# Basic Data Structures Explained

## Understand core Julia data structures - arrays, dictionaries, and sets.

Julia is a relatively new, free, and open-source programming language. It has a syntax similar to that of other popular programming languages such as MATLAB and Python, but it boasts being able to achieve C-like speeds.

Julia provides several useful data structures for storing and manipulating data. Some of these data structures, like arrays and dictionaries, are ubiquitous in Julia code because of their usefulness and wide applicability. Others, like sets, have more limited uses but nevertheless still are useful data structures.

In this post, we will learn about arrays, dictionaries, and sets in Julia. We will discuss how to construct them and describe various functions for working with and manipulating them.

This post assumes you already have Julia installed. If you haven't yet, check out our earlier post on how to install Julia.

# Arrays

One of the most basic and ubiquitous data structures is the array. Arrays are used for storing values, iterating through values, and even representing mathematical vectors and matrices.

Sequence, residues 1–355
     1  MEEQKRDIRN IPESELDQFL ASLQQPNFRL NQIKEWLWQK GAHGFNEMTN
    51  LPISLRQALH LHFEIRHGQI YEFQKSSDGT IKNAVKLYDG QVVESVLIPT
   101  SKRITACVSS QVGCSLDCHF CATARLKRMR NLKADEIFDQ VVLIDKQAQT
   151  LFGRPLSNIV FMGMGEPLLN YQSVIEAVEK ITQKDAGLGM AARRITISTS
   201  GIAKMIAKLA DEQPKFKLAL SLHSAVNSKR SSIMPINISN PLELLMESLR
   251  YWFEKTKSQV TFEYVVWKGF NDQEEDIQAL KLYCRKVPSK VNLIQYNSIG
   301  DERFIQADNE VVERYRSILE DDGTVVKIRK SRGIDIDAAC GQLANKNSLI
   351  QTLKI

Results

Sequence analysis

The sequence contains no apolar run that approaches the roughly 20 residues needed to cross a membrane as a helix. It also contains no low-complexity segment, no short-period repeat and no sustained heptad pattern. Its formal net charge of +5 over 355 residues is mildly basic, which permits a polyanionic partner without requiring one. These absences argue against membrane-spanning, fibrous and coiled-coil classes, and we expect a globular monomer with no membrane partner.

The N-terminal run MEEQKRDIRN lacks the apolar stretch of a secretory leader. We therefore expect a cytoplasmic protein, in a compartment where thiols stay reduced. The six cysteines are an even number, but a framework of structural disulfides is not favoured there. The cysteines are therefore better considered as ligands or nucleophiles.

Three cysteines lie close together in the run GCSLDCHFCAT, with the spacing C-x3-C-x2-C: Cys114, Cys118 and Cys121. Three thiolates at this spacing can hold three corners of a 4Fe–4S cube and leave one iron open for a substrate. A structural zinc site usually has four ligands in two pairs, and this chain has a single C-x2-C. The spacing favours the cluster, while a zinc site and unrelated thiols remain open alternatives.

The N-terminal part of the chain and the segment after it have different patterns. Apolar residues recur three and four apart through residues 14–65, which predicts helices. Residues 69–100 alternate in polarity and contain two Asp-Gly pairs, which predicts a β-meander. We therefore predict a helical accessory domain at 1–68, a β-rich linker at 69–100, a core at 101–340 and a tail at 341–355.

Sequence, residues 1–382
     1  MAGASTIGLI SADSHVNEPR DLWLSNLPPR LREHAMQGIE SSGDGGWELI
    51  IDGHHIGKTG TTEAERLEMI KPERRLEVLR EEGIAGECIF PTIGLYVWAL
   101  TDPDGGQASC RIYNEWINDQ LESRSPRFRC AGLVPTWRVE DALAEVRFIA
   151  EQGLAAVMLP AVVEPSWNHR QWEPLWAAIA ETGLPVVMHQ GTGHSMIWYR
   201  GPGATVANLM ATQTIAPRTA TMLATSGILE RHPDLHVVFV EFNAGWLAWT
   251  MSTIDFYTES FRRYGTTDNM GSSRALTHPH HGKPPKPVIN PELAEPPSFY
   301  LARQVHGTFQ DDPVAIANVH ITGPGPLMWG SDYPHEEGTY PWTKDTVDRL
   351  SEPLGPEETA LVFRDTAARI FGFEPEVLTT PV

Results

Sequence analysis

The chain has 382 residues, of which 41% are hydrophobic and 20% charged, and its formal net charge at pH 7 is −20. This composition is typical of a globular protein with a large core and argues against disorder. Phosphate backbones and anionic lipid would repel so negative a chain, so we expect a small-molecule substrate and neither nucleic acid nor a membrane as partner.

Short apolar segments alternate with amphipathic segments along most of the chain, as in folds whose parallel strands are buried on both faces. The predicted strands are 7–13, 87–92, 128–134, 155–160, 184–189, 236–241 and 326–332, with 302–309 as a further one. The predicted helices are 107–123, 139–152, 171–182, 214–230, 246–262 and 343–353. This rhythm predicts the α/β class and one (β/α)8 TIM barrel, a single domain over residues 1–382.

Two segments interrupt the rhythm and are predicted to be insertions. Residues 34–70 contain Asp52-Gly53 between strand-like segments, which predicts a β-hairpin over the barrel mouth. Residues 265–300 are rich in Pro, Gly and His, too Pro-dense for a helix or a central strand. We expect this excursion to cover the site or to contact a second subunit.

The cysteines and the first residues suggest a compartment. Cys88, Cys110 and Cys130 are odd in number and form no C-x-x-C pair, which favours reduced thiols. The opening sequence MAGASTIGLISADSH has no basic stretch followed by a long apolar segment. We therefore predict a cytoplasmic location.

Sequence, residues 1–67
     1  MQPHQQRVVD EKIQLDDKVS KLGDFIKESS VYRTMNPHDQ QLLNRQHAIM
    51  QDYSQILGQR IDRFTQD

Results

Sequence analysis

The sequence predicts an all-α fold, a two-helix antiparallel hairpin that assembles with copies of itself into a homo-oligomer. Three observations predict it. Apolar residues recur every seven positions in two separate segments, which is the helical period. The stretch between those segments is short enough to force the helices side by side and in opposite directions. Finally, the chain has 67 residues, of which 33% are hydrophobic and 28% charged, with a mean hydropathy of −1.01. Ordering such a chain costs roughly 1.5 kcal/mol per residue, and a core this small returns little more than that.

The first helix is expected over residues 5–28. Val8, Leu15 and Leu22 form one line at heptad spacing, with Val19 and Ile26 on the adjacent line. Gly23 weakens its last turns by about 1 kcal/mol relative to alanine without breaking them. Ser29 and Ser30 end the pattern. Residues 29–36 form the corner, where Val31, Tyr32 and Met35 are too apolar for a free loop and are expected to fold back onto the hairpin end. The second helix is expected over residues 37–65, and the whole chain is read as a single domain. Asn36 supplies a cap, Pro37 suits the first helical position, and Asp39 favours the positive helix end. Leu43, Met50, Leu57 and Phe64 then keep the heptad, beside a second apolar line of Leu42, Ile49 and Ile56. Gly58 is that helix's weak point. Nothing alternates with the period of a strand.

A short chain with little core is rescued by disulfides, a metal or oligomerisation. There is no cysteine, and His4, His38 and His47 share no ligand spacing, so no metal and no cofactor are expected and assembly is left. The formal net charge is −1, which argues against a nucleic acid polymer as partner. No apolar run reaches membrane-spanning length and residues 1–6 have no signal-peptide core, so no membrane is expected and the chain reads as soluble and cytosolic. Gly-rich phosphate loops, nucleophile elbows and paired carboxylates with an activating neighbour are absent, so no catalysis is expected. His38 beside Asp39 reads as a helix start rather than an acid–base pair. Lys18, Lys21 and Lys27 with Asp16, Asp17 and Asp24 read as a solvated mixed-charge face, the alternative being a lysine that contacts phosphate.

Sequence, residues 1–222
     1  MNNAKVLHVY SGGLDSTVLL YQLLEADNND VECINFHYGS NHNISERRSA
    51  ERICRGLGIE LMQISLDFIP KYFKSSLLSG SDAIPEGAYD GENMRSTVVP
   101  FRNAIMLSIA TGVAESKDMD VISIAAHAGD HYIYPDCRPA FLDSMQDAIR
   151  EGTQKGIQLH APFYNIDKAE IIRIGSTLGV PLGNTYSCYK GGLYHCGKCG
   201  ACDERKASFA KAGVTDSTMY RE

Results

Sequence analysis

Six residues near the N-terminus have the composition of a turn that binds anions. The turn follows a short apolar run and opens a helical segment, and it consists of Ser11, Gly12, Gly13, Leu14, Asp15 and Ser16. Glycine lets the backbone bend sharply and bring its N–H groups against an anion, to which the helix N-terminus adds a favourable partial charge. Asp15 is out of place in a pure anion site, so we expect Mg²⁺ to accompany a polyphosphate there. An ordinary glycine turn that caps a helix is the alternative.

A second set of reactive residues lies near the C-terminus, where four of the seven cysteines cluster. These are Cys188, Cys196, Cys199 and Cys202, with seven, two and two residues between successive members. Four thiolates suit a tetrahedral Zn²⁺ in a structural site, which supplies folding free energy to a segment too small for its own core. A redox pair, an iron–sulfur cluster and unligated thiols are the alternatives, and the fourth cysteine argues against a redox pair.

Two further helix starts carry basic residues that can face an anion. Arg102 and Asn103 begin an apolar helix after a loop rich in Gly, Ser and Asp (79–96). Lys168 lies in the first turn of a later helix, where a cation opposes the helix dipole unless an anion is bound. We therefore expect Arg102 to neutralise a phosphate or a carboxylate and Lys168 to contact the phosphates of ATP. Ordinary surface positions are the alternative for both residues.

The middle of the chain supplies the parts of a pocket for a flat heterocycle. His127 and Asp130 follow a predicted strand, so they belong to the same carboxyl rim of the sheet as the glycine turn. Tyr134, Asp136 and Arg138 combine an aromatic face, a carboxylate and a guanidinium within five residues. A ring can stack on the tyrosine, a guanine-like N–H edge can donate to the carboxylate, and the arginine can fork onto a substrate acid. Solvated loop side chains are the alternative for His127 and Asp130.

The basic array type in Julia is `Array{T,N}`

,
where `T`

is the type of the elements in the array
(or an abstract supertype of the elements
if not all elements are of the same type),
and `N`

is the number of array dimensions.
For example,
a list of strings would be of type `Array{String,1}`

,
while a matrix of numbers would be of type `Array{Float64,2}`

.

## Constructing Arrays

There are various ways to construct arrays. One common way is to construct an array directly from the values it will contain:

```
julia> ["some", "strings"]
2-element Vector{String}:
"some"
"strings"
julia> [1 2; 3 4]
2x2 Matrix{Int64}:
1 2
3 4
```

(Note that `Vector{T}`

is equivalent to `Array{T,1}`

and that `Matrix{T}`

is equivalent to `Array{T,2}`

.)